Dallas - Texas Rangers and prosecutors prepared Wednesday to arrest five members of a polygamous sect indicted the day before with their imprisoned leader on charges relating to under-age marriages and bigamy.
Also Wednesday, supporters and critics of the sect converged on Washington for a Senate committee hearing on "crimes associated with polygamy."
The Texas attorney general, Greg Abbott, had announced the indictments by a Schleicher County grand jury late Tuesday, which accused the sect leader, Warren Jeffs, and four other members of the Fundamentalist Church of Jesus Christ of Latter-day Saints of sexual assault. One of those men was also accused of bigamy. A sixth man was charged with three counts of failure to report child abuse.
The indictment against Mr. Jeffs, the only one yet made public, charges him with first-degree felony sexual assault involving a child.
The other men will not be identified or the indictments unsealed until they have been taken into custody, the authorities said.
The grand jury investigation stemmed from a weeklong raid on the church's Yearning for Zion ranch in Eldorado in April that led to 440 children being temporarily taken into state custody. The children were returned after two state courts ruled there was insufficient evidence of abuse or neglect, but court-ordered parenting classes are scheduled to begin this week as the criminal investigation continues.
Willie Jessop, a sect spokesman, said Wednesday, "We feel like it is a desperate attempt for Texas to save face on their barbaric actions on their first raid," but Mr. Jessop added that the indicted men would turn themselves in to fight the charges in court once the arrest warrants were served.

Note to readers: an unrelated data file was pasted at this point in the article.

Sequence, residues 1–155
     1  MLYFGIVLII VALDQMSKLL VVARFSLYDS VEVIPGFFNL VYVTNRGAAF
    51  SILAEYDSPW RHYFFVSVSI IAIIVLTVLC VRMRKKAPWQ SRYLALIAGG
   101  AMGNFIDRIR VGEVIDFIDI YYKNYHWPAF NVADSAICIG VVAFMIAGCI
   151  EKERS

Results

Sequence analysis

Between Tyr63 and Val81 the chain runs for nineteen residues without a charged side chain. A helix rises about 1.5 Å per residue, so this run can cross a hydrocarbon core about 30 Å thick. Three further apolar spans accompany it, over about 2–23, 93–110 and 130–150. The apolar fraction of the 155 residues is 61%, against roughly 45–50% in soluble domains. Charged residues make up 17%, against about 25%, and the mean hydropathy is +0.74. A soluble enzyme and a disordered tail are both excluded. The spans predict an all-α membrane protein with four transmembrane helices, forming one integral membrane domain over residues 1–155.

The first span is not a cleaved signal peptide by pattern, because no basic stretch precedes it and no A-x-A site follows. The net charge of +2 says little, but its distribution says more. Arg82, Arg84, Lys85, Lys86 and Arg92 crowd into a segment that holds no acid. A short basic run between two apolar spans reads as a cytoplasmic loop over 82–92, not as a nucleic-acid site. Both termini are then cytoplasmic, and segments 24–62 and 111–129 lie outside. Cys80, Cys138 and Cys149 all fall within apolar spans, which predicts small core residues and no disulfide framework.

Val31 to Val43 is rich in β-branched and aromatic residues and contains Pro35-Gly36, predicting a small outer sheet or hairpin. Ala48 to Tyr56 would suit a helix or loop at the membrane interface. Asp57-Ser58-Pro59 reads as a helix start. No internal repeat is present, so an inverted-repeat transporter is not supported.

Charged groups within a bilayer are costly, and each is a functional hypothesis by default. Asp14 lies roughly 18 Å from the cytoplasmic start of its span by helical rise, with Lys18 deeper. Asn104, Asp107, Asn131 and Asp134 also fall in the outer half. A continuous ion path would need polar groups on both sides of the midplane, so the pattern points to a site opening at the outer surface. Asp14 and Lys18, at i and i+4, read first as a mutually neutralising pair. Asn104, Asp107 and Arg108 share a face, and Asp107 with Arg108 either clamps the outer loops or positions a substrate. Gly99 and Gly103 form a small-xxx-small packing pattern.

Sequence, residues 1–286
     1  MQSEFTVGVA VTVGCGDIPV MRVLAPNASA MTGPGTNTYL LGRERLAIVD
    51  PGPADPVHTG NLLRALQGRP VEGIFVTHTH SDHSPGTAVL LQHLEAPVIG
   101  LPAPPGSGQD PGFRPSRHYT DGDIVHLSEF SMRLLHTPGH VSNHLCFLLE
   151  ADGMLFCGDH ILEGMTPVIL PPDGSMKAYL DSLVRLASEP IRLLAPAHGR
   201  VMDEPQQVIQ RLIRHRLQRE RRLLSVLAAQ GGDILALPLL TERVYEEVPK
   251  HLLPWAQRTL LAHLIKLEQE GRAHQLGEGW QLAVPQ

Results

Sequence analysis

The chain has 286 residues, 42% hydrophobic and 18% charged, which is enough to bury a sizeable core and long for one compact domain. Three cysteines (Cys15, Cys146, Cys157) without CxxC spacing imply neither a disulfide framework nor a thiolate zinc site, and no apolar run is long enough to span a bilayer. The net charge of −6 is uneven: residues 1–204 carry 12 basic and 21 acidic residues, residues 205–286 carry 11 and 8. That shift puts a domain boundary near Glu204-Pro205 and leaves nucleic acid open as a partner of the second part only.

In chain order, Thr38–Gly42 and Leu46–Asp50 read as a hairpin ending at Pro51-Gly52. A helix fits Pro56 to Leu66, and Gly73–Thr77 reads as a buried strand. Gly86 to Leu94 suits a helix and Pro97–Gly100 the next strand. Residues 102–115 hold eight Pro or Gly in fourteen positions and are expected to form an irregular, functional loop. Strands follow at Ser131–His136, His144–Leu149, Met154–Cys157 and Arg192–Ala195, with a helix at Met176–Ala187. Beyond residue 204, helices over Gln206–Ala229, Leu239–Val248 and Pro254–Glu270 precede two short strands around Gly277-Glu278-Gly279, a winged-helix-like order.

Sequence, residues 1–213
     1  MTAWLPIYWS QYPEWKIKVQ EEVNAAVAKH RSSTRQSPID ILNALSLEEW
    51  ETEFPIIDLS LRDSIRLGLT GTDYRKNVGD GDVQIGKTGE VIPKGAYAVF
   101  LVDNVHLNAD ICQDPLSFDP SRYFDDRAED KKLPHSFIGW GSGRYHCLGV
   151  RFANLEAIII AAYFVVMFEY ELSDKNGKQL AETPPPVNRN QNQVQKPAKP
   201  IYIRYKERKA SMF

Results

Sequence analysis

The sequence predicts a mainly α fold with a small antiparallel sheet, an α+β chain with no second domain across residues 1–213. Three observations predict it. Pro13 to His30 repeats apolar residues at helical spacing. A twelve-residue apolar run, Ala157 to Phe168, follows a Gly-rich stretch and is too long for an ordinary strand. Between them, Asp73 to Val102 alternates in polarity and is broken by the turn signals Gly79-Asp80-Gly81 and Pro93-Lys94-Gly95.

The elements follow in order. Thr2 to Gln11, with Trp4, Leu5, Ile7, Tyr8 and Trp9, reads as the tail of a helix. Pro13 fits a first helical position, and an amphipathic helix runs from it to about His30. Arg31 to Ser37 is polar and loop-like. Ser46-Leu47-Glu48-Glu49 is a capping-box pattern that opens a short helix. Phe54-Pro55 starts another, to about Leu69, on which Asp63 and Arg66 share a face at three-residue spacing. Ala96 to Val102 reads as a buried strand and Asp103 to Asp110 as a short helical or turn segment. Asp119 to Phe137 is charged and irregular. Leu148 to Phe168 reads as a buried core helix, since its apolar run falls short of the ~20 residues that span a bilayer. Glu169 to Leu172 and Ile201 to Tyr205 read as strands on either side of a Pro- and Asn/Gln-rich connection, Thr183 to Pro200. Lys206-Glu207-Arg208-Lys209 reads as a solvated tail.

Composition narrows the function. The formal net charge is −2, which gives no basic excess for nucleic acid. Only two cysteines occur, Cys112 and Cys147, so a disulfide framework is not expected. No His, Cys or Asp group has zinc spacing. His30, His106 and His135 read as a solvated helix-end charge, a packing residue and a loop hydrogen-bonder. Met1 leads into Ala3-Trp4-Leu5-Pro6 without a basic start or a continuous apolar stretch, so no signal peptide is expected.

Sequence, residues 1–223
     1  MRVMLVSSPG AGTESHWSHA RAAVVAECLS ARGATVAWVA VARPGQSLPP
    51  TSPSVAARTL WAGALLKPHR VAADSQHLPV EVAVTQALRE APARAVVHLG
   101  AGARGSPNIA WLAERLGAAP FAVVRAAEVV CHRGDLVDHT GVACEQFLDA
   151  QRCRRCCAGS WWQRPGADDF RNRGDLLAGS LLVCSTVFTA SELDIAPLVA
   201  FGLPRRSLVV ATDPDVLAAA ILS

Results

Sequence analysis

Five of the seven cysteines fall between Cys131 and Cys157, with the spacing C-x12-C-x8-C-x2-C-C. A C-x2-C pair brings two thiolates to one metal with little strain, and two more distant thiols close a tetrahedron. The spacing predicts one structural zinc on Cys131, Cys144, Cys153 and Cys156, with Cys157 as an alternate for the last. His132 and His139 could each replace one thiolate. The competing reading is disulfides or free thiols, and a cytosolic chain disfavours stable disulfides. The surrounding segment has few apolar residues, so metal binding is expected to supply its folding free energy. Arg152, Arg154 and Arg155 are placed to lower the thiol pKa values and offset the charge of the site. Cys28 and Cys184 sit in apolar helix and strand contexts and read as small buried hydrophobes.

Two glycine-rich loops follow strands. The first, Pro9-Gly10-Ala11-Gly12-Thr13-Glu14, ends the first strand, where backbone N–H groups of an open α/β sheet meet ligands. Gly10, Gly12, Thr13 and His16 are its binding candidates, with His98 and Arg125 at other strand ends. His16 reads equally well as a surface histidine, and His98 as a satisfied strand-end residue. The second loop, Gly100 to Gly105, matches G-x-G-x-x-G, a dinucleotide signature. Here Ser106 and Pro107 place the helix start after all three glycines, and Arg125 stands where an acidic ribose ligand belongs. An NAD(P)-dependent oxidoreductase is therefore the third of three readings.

Dirk Fillpot, a spokesman for the attorney general, said his office was "coordinating with multiple law enforcement agencies to ensure all suspects are taken into custody quickly and in a manner that does not harm an ongoing criminal investigation."
Natalie Malonis, the court-appointed lawyer for one of Mr. Jeffs's daughters, said, "It's a tragedy all the way around, a sad, sad situation for a lot of people."
"The indictments indicate there was something wrong going on and it was happening with children," Ms. Malonis said, but added that in her view the legal system was not equipped to deal with such a closed society.
As the criminal case against the men unfolded in Texas, advocates and critics of the sect headed to Washington for a Senate Judiciary Committee hearing.
Senator Harry Reid, Democrat of Nevada and the majority leader, introduced legislation Wednesday calling for a national task force on polygamy and a $4 million fund to bolster law enforcement and social service efforts to fight it and associated crimes.
Jon Summers, a spokesman for Mr. Reid, said the senator had long been concerned over "rampant" levels of crime in polygamous communities, including the abuse of women and children, financial crimes like welfare fraud and tax evasion, kidnapping and extortion.
"We see it in Arizona, in Utah; clearly we've seen it in Texas," Mr. Summers said, "and Warren Jeffs was arrested in Nevada."
Sect members plan to attend the hearing on Thursday to speak on their own behalf, and their lawyer, Rod Parker, sent committee members a letter saying the sect had been persecuted for maintaining its religious practices.
Shannon Price, a social worker with close relatives in the church, said that even if all of its leaders were imprisoned, the group would never abandon its practice of polygamy.
"It's essential to their faith," Ms. Price said. "You can't enter the celestial kingdom unless you've been entered into a polygamous or plural marriage."
Carolyn Jessop, a former member of the sect who fled with her children, said she would lobby at the Senate committee hearing for federal protection and support for women and children trapped in the polygamous lifestyle.
"When you're born into this kind of society, it is next to impossible to leave," Ms. Jessop said.